There’s a strange clip after a beautiful performance in “I Am The Violin,” the 2004 documentary about violin virtuoso Ida Haendel. On a simple string crossing in the first movement of the Brahms Concerto, Haendel’s bow bounces uncontrollably. She recovers within seconds, and the incident hardly registers in the scope of the performance. Yet the scenes that follow depict in Haendel an almost desperate need to prove that the tremor wasn’t her fault.
It was her violin, she says—a Stradivarius she tests immediately after the concert, trying to diagnose the cause of the tremor that has impeded her performances for more than a year. “It destroys me.” Later, while consulting with an expert who talks to her about wolf notes (rare on D, he says, the particular note that troubled her in the Brahms), she elaborates: “Some people will say, ‘Oh, it’s age. She is not capable of handling it anymore… believe me, it has nothing to do with me.”
Bow tremors can occur for a number of reasons, ranging from adrenaline to a simple mismanaging of the arm’s weight. To Haendel, however, the bow tremor is one thing only: a signifier of aging and the resultant loss of ability. She continually refers to the schadenfreude of spectators: “I know people are waiting for flaws. They come to a concert and they say, ‘Can she still do it?’ They are waiting for failure.” In fact, most contemporaneous reviews of Haendel’s performances and recordings are favorable. Even Norman Lebrecht, a prolific fault-finder whose website has been called the tabloid of music journalism, sings her praises: in articles from 1999 and 2000, he condemns the sexism and ageism he believes have stalled her career, referring to her as “one of the finest living violinists,” “playing as richly as ever,” and “much younger than her years.”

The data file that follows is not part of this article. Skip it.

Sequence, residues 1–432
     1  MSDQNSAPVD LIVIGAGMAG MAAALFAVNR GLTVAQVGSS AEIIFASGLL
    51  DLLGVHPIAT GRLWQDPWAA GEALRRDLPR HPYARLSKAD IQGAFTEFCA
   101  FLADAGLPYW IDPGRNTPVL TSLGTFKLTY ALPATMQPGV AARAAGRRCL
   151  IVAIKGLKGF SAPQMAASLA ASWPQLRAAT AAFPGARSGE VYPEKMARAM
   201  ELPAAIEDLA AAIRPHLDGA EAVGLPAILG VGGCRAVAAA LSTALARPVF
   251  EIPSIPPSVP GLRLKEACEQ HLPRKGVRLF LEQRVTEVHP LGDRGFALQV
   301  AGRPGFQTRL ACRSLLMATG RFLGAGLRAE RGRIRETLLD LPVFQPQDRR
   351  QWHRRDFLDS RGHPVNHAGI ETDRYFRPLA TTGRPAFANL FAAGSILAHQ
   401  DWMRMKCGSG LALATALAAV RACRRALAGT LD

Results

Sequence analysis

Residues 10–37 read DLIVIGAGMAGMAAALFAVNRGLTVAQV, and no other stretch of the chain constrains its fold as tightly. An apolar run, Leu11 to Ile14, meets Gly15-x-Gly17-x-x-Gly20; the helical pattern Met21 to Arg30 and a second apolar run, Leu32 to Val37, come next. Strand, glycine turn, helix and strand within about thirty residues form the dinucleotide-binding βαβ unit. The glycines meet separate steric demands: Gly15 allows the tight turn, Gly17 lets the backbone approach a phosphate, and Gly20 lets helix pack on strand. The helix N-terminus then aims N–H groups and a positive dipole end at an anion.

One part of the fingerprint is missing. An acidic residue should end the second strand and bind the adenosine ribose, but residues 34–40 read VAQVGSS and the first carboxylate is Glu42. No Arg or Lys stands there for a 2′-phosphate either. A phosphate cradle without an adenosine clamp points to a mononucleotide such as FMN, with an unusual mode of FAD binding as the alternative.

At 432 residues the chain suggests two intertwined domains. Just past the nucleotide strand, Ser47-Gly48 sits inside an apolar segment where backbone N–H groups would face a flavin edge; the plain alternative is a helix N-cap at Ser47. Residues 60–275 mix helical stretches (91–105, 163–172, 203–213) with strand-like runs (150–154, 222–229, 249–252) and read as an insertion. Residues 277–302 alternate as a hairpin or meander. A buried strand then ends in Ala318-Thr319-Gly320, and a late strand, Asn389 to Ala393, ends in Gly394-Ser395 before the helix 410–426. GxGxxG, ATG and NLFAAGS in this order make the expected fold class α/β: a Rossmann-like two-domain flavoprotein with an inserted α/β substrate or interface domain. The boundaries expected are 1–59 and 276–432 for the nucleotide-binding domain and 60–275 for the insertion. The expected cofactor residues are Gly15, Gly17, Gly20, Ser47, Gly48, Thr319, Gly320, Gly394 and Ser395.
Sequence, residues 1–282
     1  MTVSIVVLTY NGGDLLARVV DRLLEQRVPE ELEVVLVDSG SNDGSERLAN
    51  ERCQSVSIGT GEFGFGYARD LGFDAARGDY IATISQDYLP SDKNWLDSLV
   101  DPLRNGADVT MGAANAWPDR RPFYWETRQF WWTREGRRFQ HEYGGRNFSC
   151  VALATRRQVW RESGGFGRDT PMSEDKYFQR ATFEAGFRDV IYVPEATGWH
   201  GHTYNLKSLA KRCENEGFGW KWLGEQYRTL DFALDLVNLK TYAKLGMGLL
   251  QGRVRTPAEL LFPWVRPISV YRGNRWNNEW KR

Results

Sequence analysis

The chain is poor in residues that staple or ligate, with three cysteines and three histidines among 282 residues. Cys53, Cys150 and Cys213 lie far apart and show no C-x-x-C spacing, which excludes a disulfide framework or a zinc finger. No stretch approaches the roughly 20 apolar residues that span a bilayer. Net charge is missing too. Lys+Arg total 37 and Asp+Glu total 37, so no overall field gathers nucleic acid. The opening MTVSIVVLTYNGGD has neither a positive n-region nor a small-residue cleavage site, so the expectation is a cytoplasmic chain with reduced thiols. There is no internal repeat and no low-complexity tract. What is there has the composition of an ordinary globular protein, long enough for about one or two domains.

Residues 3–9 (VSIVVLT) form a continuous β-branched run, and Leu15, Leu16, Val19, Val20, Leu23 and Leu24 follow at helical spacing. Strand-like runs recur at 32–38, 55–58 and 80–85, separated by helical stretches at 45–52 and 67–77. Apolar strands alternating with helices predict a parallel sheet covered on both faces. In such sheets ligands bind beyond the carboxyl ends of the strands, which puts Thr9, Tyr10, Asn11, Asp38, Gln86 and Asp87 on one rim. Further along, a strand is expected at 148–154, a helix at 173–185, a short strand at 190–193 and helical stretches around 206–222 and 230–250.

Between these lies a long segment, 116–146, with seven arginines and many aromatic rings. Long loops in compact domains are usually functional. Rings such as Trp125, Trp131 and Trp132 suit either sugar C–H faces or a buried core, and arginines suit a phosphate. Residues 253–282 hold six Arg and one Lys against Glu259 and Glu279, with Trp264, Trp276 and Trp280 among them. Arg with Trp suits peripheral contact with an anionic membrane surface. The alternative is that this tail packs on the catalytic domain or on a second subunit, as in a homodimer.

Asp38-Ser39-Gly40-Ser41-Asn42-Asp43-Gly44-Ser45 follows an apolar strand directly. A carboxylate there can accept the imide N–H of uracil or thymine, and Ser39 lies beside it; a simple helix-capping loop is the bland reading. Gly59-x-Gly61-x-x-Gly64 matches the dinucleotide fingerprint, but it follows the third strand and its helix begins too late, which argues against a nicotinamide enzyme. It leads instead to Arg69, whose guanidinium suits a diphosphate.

Indeed, as a female artist born in the 1920s, Haendel has received neither positive nor negative attention commensurate with her talent. Even if her anticipation of a gang of critics watching alertly for her misstep seems tinged by neuroticism, however, the pressure she puts on herself not to age—as if it would be a moral failure, to be affected by physical deterioration—is logical in a performance industry that prizes relevancy, even as (or perhaps especially because) it features music centuries old. Youth, and especially prodigies, receive huge amounts of press and performance opportunities that can drop off in subsequent decades. And when major institutions create new series designed to appeal to young potential subscribers (such as San Francisco Symphony’s SoundBox, which advertises its cocktails and accompanies its performances with video art), aging stars like Haendel aren’t part of the plan.
Performers of Haendel’s generation must also contend with a new perfection that, in a climate of spotless recordings and live-streamed competitions, increasingly defines greatness. Many of these artists perform a standard repertoire of concertos and sonatas that are, embellishments notwithstanding, among the most fully notated works in classical music. Underlying the criteria of a good performance, then, is the achievement of matching the page. And documentation of this music’s realization has never been so exhaustive. There have never been so many videos of children playing showpieces perfectly, of master classes, of community orchestras and high school bands. The format may be low quality, or audio-only, but as long as we can summon the file of perfection—whatever rendition we personally think is the best—live performances will always be in implicit comparison with the best (and worst) of these recordings. Yet it’s the explicit comparison, in particular, that seems to perturb Haendel. Do spectators and critics perpetuate the pressure for musicians to stay young, relevant, and flawless?